- The Enterprise
- The Recorder
In the letter, “The multiple arguments in favor of no control of guns” [Maryland Independent, March 6], the writer gets himself limited to echoing the empty arguments of gun-grabbers in the debate to infringe on Americans’ legal ownership of firearms. He’s stuck spouting Piers Morgan’s defeated argument that the Second Amendment limits Americans to ownership of single-shot muskets.
He’s cornered into the argument that “just because you own a gun doesn’t make you any safer,” defying all statistics to the contrary.
I like his idea of making it more difficult for violent people to be violent, but that argues against the current liberal judicial catch-and-release atmosphere in America.
Let’s be honest. If the arguments were valid, the First Amendment would not protect politicians for their lies in television commercials or radio talk-show hosts because electronic media was not envisioned in the 18th century, when the constitutional rights of Americans were being refined. Police could use electronic surveillance to scan your home to watch whatever you’re doing at night in your bedroom because the Fourth or Fifth amendments didn’t envision the electronic capabilities of today.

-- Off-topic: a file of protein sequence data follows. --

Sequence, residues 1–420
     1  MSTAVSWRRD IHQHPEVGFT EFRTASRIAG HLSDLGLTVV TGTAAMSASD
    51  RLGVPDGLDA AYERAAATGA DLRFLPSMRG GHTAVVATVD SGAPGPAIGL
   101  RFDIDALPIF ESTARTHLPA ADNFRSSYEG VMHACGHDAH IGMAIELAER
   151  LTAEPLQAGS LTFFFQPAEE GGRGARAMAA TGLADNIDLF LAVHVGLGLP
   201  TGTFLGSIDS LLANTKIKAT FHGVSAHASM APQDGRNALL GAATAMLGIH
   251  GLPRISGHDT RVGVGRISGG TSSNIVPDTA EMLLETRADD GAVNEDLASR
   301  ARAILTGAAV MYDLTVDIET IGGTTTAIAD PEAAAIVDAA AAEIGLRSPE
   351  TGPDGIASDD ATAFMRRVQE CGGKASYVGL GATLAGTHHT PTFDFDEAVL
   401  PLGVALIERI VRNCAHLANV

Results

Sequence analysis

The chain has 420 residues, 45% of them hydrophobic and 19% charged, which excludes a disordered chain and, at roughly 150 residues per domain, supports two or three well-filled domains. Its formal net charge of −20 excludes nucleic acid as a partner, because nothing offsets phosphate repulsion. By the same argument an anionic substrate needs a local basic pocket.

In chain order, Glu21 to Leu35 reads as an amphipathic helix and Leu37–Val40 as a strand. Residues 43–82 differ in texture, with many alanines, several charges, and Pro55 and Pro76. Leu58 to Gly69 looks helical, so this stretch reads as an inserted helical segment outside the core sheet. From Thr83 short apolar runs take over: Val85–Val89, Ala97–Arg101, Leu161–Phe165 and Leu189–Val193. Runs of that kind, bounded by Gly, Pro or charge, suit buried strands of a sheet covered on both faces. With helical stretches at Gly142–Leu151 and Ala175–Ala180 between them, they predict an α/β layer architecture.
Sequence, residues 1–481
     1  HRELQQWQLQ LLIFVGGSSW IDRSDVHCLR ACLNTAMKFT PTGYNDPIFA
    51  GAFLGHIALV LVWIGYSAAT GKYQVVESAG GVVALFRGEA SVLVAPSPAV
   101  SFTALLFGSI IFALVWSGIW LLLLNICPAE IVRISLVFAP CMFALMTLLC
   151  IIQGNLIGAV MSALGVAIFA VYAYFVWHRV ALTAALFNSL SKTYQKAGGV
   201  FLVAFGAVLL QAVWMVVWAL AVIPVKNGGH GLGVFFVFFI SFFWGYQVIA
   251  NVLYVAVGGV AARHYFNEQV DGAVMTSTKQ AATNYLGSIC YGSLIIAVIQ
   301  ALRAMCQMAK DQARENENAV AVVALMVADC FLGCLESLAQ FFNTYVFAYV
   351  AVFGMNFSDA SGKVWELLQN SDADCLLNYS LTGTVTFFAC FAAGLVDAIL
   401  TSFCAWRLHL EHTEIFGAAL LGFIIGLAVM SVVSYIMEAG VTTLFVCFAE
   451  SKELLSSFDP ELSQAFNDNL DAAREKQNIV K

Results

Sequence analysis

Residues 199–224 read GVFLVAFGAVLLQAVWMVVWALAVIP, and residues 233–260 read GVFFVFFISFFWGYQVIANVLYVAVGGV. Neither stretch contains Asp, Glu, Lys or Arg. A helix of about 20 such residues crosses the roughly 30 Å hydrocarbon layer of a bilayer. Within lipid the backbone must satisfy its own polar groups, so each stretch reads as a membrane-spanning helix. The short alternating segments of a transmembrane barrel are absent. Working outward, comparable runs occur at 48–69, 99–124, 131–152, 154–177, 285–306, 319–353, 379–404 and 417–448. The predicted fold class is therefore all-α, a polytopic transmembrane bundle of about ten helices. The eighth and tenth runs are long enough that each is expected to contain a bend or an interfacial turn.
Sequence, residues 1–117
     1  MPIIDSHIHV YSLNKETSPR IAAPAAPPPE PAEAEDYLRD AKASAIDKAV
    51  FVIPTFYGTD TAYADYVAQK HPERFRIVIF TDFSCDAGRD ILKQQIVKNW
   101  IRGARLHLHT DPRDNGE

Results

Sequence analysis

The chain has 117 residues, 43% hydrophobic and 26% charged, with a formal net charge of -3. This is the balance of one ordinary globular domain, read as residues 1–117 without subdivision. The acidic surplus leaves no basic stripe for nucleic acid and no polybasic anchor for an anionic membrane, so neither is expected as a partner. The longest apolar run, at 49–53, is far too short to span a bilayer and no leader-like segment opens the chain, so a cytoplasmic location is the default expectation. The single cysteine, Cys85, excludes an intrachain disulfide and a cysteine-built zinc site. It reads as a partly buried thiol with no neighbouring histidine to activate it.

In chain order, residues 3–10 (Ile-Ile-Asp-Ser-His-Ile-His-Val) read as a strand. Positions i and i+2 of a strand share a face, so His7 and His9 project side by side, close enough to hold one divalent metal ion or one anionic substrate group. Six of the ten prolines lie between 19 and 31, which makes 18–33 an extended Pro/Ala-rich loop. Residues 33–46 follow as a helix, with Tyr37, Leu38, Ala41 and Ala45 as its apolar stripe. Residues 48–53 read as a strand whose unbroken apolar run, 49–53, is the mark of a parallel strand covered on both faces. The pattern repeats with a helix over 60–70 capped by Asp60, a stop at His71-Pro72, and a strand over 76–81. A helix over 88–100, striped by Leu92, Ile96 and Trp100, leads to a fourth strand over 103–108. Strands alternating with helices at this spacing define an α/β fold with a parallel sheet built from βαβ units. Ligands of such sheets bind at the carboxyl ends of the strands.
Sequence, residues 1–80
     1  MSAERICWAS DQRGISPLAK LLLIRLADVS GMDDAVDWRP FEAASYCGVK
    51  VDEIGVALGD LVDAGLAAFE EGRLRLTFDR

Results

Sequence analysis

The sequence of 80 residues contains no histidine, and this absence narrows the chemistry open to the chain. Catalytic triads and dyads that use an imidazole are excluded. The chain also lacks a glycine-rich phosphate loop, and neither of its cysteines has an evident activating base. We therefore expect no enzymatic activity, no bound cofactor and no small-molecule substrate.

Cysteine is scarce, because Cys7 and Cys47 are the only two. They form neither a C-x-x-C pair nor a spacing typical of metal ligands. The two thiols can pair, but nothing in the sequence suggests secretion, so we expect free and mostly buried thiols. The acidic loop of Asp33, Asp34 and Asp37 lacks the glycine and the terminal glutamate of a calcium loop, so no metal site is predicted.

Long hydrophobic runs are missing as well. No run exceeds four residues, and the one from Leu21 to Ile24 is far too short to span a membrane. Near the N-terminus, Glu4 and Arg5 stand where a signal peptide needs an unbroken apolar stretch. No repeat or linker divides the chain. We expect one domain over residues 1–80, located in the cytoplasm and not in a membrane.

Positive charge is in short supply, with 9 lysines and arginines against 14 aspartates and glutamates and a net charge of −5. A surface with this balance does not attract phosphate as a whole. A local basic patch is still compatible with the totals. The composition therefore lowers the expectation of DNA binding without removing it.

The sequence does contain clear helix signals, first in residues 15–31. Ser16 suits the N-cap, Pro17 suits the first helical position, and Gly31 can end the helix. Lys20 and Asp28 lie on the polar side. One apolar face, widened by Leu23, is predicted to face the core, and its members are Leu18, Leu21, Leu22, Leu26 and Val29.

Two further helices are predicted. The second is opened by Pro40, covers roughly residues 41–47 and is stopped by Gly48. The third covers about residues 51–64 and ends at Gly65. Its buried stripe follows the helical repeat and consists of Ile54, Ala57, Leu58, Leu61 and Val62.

Because the sixth amendment didn’t envision social media, let’s not be surprised if a trial for a crime becomes “How many likes can you get on Facebook in the next two days?”
Nobody would tell when your train, bus or airplane needed preventive maintenance because the internal combustion engine or flight wasn’t even dreamed of in the same time.
The answer is that the Second Amendment was written very clearly, concisely and unarbitrarily for all to understand. The rights of the people (not the militia, not the President’s increasingly armed Department of Homeland Security, not the local police) to keep and bear arms shall not be infringed.
Let the gun-grabbers meet and talk among themselves, but let’s not clutter the public discourse with their foolishness.
Let’s not even begin with the silliness that we have to stop people from exercising their constitutional rights, as Norma S. Powers presents in the same issue of the Maryland Independent [“Gun legislation does not infringe on rights].
Mike Benge, Waldorf